The Reserve Bank of India (RBI) needs to go beyond cutting policy rate. A certain amount of regulatory forbearance is required to make the banks lend. Even commercial banks on their own will have to think in terms of modifying norms they use for inventory holding by production units. Repayments to banks can be delayed and the authorities must be willing to relax the rules. Any relaxation of rules regarding the recognition of non-performing assets has to be across the entire business sector. The authorities must be ready to tighten the rules as soon as the situation improves. This is a temporary relaxation and must be seen as such by banks and borrowers.
Fiscal actions have a major role to play. Once again, the ability to play a big role is constrained by the fact that the fiscal position of the government of India is already difficult. Even without the pandemic, the fiscal deficit of the Central government will turn out to be higher than that indicated in the budgets for 2019-20 and 2020-21. Revenues are likely to go down further because of the virus related slowdown in economic activity.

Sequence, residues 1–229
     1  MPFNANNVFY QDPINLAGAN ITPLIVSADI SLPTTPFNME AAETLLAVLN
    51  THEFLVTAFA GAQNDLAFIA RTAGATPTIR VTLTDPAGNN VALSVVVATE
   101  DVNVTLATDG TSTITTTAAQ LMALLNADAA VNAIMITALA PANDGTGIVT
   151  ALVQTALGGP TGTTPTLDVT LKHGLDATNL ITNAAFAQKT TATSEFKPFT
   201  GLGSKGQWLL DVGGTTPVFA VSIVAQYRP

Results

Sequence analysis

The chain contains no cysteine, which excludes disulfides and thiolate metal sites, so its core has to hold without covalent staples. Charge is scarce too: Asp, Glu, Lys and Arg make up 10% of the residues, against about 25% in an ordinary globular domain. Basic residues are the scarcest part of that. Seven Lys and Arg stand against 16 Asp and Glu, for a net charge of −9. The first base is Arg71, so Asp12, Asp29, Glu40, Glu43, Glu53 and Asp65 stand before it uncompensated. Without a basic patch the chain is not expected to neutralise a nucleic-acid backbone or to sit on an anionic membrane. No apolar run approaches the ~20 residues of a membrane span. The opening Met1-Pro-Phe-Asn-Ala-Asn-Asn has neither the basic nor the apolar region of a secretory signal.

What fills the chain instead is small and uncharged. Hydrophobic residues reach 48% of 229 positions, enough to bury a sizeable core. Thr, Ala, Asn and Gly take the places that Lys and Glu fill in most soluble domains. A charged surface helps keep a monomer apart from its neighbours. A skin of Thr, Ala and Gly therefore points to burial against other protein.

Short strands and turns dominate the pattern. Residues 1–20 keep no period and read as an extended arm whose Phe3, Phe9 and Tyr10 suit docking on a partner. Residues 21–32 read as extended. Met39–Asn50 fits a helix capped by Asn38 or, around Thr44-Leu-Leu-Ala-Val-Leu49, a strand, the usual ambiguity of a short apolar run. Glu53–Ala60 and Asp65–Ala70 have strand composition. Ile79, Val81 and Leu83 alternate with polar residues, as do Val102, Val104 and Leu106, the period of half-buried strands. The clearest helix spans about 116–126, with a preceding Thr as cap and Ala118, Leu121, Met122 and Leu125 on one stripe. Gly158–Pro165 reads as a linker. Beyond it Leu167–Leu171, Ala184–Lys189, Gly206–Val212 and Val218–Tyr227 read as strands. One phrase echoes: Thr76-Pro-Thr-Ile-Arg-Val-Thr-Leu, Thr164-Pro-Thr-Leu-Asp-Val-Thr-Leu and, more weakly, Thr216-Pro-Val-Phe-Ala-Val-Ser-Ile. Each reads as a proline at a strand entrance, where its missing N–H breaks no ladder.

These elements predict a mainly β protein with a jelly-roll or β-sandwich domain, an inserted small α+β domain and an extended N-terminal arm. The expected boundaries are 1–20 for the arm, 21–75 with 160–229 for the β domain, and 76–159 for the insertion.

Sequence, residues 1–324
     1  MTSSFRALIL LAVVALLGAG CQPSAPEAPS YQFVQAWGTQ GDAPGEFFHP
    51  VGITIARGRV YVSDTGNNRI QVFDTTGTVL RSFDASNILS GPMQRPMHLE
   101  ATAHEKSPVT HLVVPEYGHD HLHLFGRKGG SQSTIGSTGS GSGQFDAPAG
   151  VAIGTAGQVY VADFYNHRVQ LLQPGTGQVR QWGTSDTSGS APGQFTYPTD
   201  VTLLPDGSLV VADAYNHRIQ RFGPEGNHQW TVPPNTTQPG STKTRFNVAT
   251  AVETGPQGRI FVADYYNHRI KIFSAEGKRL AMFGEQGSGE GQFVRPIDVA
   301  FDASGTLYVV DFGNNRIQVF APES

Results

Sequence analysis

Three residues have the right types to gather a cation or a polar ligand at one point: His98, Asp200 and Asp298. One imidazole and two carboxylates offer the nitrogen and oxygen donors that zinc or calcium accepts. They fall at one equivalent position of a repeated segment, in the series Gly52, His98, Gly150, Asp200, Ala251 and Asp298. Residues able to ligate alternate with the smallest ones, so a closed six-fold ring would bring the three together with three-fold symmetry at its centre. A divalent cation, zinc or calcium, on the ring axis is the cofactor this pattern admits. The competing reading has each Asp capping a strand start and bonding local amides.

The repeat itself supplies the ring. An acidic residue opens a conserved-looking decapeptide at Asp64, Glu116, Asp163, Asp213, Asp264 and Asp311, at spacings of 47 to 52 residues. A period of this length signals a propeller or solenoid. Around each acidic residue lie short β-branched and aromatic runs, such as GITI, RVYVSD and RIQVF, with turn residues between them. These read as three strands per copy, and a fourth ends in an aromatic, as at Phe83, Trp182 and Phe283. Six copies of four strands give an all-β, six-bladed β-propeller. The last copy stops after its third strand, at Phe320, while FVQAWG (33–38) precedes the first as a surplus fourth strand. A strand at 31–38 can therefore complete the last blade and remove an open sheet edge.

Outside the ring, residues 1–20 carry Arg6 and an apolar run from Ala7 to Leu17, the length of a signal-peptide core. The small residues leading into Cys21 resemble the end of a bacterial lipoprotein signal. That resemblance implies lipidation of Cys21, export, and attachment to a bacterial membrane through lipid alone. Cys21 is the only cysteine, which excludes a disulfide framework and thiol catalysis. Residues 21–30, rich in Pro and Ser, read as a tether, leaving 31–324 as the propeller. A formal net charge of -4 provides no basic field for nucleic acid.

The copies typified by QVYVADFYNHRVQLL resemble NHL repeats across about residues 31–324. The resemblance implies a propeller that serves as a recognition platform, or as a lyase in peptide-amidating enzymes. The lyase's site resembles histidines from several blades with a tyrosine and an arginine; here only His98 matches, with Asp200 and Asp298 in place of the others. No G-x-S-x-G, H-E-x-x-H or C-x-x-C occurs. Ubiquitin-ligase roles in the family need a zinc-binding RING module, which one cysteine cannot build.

In this context, the ability to undertake big ticket expenditures is constrained. But there are some ‘musts’. The virus has to be fought and brought down. All expenditures to test (there is some concern that the extent of testing that we are doing now is low) and to take care of patients must be incurred. Now that private hospitals are allowed to test, the cost of the people going to private hospitals must also be met by the government. The involvement of private hospitals has become necessary. It is mentioned that a test costs ₹4,500. The total cost can be substantial if the numbers to be tested run in the thousands and more. This may sound exaggerated. But we must be prepared so that we avoid the tragedy of Italy. Therefore, the first priority is to mobilise adequate resources to meet all health related expenditures which includes the supply of accessories such as masks, sanitisers and materials for tests. The challenge is not only fiscal but also organisational.